New technology to monitor pesticide residues in West African waters

FAO is partnering with Oregon State University (OSU) to deploy new technology in West Africa for monitoring pesticides in surface and ground waters. The “passive sampling device” (PSD) uses an artificial membrane suspended within a stainless steel frame and submerged in surface waters for a chosen duration (a day to a month).

During this time the pesticides in the water passing over the membrane accumulate by chemically bonding to the polymer. Once removed from the water the membrane is easily dried and shipped to the laboratory where the accumulated chemicals are dissolved from the membrane and analysed for composition and concentration. This method avoids the high degree of uncertainty in the usual “bulk water method” as well as the expense and inconvenience of shipping large amounts of water within the subregion.

This new technology (patent pending) promises to revolutionize the science of water quality assessment through greatly increasing the ease and reliability of water quality analysis while substantially lowering the costs associated with sampling. The sampling devices will be used to monitor pesticide movement in irrigation and drainage waters as well as in the two River systems. The devices can also be submerged in wells to detect the movement of pesticides in the water table.

The work is part of an FAO/UNEP/GEF project entitled Reducing Dependence on POPs and other Agro-Chemicals in the Senegal and Niger River Basins through Integrated Production, Pest and Pollution Management, which became operational in May 2009. The project has been Development Objective, “To protect transboundary waters in the Niger and Senegal River Basins through elimination of POPs pesticide-use and substantial reduction and elimination of other toxic pesticides used in agriculture; while augmenting agricultural productivity and net economic benefits to farmers”.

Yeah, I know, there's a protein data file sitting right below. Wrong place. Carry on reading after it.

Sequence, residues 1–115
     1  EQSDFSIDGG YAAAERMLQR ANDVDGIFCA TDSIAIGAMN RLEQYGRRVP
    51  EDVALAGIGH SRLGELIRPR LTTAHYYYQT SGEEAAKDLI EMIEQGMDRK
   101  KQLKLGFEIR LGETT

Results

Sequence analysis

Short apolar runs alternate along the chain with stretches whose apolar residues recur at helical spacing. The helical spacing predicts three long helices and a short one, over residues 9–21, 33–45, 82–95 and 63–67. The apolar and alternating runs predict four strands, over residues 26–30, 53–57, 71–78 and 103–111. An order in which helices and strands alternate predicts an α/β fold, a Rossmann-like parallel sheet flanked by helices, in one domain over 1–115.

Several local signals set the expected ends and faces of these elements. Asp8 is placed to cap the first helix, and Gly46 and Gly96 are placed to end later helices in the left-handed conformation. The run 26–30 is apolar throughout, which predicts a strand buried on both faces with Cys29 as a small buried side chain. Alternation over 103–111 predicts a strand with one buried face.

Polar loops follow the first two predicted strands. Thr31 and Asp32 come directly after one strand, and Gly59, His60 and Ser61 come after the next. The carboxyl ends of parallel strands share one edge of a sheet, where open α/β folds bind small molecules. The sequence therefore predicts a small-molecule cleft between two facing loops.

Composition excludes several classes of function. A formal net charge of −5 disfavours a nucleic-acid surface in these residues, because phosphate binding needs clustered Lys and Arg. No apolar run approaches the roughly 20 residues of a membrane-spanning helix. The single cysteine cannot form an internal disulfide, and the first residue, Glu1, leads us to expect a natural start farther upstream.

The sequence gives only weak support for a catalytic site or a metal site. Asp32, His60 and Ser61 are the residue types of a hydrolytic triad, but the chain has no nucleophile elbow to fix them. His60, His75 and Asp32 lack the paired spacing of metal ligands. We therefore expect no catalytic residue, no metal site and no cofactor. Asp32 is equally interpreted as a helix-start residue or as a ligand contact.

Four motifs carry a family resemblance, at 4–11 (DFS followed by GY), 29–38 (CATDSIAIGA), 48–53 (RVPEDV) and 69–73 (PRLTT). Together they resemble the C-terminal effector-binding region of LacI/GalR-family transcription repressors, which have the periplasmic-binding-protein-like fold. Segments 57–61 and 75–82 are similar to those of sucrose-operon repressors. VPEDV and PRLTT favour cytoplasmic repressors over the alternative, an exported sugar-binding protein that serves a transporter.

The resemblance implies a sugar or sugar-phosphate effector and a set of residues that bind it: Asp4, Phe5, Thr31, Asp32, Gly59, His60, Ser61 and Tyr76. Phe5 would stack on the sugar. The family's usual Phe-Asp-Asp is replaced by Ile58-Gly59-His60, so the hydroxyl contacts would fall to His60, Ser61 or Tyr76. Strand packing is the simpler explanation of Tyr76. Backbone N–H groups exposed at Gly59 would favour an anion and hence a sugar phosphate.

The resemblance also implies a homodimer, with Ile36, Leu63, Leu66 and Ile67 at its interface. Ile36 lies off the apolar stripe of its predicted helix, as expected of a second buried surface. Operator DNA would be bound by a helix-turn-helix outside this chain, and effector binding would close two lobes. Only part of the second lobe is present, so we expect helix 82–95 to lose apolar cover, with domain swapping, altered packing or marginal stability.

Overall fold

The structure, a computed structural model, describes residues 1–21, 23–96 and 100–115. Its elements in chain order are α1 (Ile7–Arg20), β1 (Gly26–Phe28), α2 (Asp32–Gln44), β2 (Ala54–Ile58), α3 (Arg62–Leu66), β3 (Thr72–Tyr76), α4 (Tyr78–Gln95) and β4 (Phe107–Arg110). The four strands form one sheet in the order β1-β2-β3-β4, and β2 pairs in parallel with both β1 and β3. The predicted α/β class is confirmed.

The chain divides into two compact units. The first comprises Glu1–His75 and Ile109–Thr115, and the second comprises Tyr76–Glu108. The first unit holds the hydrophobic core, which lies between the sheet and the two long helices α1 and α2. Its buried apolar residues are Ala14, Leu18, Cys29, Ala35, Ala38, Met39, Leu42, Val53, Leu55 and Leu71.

Participating countries include Guinea, Senegal, Mauritania, Mali, Niger and Benin.

Key technical partners on the project include the regional NGO, ENDA Pronat, responsible for the baseline agronomic, economic and social surveys, together with the technical team at Oregon State University’s Integrated Plant Protection Centre (OSU/IPPC), which is one of the most experienced groups in the world for monitoring pesticides in the environment. Other partners include eco-toxicology laboratories in Senegal, Mali and Burkina Faso, which will be linked with the OSU team to form a network of laboratories in support of project activities.

Data from the six-country intensive water sampling will be used in models being developed to estimate the transport and chemical fate of pesticides in transboundary waters and also in models used to estimate human health risk. These outputs will feed directly back to the communities at risk, through FAO's IPPM farmer training program, as well as to national decision-makers and regional and international pesticide legislation bodies.

During a pilot phase in three communities along the Senegal River, a total of 19 chemical pesticides were found of which 16 surpassed European standards for safety on the order of tens-to-hundreds of times above established thresholds for safety. The samples came from water sources that are often consumed directly by local communities. Most of these chemical pesticides were in the moderate to highly toxic categories. Some of them, such as Endosulfan, were extremely toxic to aquatic organisms. One of the chemicals detected, Dieldrin, was in the category of persistent organic pollutant (POP) and had been banned for use in the region since the 1980s.

The project is co-financed by two of GEF's Operational Programmes: International Waters (OP 10) and Persistent Organic Pollutants (OP 14), together with contributions by the participating countries and co-financing from the government of The Netherlands through FAO’s Integrated Production and Protection Management programme (IPPM).
For more information, contact Dr. William Settle ( or Dr. Hama Garba (


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